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International Forum on Shale Gas Development and Utilization

Date
November 15, 2012

In the last decade, US energy composition has drastically changed due to new supplies of natural gas from shale formations. New applications of hydraulic fracturing technology and horizontal drilling have allowed countries across the globe to recover these resources in an economically viable fashion and subsequently pursue more sustainable energy mixes.

Within this context, RFF experts met with several agencies and organizations in Beijing in November 2012 to discuss the prospects facing this emerging industry. The “International Forum on Shale Gas Development and Utilization” was hosted by China’s National Energy Administration (NEA) and organized by the Energy Research Institute, a branch of China’s National Development and Reform Commission (NDRC).

The forum examined opportunities and challenges raised by shale gas development and use, including Sino-US resource management, environmental risks, and associated effects on the electricity and transportation sectors.

RFF has created a new research collaboration with institutions in China dedicated to improving Chinese energy policy. This partnership, the Consortium for Energy Economics and Policy in China (CEEPIC), is led by RFF Fellow Zhongmin Wang, along with Senior Fellow Alan Krupnick and Jintao Xu, director of the China Center for Energy and Development in the National School of Economic Development at Peking University

A summary of presentations by RFF scholars is available here. Available full presentations are linked below.

 

AGENDA
November 15, 2012

Morning
Moderator: Liu Hong, Deputy Director General, Department of Oil and Gas, NEA

9:00 a.m.
Opening Remarks

  • Zhang Yuqing, Deputy Administrator, NEA
  • William Reilly, Chairman, ClimateWorks Foundation, Former Administrator of the US Environmental Protection Agency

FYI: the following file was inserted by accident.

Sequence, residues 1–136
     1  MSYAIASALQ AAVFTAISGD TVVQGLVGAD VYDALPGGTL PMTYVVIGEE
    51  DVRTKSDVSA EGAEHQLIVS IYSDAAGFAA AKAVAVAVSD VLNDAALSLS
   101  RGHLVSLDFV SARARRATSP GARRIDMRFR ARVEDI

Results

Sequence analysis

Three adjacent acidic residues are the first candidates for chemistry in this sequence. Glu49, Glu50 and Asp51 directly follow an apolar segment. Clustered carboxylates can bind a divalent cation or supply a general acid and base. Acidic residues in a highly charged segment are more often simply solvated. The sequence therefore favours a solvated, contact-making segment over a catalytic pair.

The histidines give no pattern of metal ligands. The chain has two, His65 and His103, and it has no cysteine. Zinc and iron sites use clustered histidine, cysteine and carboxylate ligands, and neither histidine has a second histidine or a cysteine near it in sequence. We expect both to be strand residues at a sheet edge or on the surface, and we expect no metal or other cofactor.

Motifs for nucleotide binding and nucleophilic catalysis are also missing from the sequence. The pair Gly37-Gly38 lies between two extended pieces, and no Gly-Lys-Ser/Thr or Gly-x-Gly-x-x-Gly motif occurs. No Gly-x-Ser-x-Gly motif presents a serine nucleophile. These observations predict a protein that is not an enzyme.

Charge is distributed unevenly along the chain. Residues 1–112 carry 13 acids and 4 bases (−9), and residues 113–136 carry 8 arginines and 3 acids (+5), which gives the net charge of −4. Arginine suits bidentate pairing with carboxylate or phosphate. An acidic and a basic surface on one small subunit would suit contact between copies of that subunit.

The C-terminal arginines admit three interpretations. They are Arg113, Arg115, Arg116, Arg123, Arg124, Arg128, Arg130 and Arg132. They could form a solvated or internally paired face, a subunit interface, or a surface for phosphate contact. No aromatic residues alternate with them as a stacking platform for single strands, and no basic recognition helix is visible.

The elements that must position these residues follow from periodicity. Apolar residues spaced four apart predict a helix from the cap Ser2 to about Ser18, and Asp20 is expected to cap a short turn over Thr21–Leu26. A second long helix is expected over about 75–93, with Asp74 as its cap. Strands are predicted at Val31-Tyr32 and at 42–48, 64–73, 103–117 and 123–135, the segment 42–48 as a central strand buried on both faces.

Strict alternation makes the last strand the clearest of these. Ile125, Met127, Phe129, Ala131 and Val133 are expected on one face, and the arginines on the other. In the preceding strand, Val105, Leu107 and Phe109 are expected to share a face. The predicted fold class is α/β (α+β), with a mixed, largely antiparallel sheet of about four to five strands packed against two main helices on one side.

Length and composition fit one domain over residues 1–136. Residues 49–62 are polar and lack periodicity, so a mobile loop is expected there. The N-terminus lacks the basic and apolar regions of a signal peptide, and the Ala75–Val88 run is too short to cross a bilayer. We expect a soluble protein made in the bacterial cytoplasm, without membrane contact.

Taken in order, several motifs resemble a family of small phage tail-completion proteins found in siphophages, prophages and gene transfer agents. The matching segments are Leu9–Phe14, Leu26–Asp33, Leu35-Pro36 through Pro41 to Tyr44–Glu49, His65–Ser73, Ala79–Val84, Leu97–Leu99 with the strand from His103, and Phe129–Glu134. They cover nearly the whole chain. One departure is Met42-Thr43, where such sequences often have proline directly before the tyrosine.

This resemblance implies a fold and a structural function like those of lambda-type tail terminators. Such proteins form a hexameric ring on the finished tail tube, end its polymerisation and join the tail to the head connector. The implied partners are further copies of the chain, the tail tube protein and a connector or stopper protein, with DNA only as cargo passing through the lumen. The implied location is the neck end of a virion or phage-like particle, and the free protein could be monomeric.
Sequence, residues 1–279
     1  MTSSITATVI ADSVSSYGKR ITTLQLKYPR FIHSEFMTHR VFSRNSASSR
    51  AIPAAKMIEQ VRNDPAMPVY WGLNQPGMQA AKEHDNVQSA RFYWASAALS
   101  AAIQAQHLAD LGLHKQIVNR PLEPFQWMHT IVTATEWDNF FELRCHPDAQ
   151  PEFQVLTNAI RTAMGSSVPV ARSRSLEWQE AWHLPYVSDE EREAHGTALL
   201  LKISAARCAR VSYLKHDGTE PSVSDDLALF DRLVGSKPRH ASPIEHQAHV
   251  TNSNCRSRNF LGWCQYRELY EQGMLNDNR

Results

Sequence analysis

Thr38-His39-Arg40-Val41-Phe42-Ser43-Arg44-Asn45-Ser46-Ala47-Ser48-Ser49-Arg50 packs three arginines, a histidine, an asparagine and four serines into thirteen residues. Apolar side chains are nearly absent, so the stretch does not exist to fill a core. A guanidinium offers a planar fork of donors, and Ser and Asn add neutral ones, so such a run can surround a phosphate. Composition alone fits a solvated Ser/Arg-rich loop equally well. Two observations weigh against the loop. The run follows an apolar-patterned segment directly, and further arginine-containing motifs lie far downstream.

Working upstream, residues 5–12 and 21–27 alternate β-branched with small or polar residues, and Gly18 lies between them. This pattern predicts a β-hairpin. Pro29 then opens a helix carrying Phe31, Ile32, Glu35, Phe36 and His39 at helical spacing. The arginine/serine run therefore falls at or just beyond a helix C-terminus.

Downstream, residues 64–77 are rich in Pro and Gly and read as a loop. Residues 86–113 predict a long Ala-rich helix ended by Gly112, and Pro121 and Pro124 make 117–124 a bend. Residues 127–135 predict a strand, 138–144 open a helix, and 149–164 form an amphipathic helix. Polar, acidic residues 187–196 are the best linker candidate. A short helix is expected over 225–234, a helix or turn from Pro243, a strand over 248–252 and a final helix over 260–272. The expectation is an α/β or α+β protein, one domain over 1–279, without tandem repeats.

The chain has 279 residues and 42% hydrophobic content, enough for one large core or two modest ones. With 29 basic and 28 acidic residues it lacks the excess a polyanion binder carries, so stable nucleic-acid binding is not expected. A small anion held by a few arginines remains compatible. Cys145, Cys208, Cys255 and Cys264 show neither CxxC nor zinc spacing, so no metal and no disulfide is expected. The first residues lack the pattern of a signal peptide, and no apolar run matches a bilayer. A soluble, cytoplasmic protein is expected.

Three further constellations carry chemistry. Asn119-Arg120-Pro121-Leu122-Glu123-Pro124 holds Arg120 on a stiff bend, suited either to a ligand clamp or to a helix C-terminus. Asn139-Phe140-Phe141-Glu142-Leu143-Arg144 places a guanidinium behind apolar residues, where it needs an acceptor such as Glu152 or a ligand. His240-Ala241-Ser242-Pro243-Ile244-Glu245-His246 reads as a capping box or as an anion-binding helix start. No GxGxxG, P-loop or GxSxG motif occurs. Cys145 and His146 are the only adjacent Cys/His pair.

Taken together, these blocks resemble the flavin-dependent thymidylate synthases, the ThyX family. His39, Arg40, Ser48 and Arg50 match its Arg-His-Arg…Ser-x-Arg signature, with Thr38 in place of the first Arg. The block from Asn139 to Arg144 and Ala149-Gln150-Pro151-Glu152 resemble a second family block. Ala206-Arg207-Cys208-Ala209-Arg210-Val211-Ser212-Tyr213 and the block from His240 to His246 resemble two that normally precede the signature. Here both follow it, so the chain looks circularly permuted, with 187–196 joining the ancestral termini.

• Han Wenke, Director General, Energy Research Institute, NDRC

Session One: Shale Gas Development and Utilization: Policies, Environmental Impact, and Regulation

9:20 a.m.
A Retrospective Review of Shale Gas Development in the United States
Zhongmin Wang, Fellow, Resources for the Future

9:40 a.m.
Discussions: Sino-US Shale Gas Development Industrial Policies
Chen Qingtai, Former Vice President, Development Research Center, State Council

10:00 a.m.
The Regulations of Shale Gas Development in the United States: Federal and State Approaches
Zhongmin Wang, Fellow, Resources for the Future

10:20 a.m.
Discussions: Sino-US Resource Management and Development Regulation
Zhang Dawei, Director, the Mineral Resources and Reserves Evaluation Center, Ministry of Land and Resources

11:00 a.m.
The Environmental Risks of Shale Gas Development
Alan Krupnick, Senior Fellow and Director, Center for Energy Economics and Policy, Resources for the Future

11:20 a.m.
Discussion: Environmental Impact of Shale Gas Use and Regulation

Session Two: Shale Gas Development and Utilization: Technical Standards, GHG Emissions, and Other Issues
Moderator: Lui Hong, Deputy Director General, Department of Oil and Gas, NEA

1:30 p.m.
Technical Standards for US Shale Gas Development
Mike Maneffa, Chevron Energy Technology Company

2:20 p.m.
Lifecycle GHG Emissions of Shale Gas Development
Michael Wang, Senior Scientist, Argonne National Laboratory, US Department of Energy

3:20 p.m.
The Effect of the Shale Gas Boom on Electricity and Transport Sectors in the United States
Alan Krupnick, Senior Fellow and Director, Center for Energy Economics and Policy, Resources for the Future

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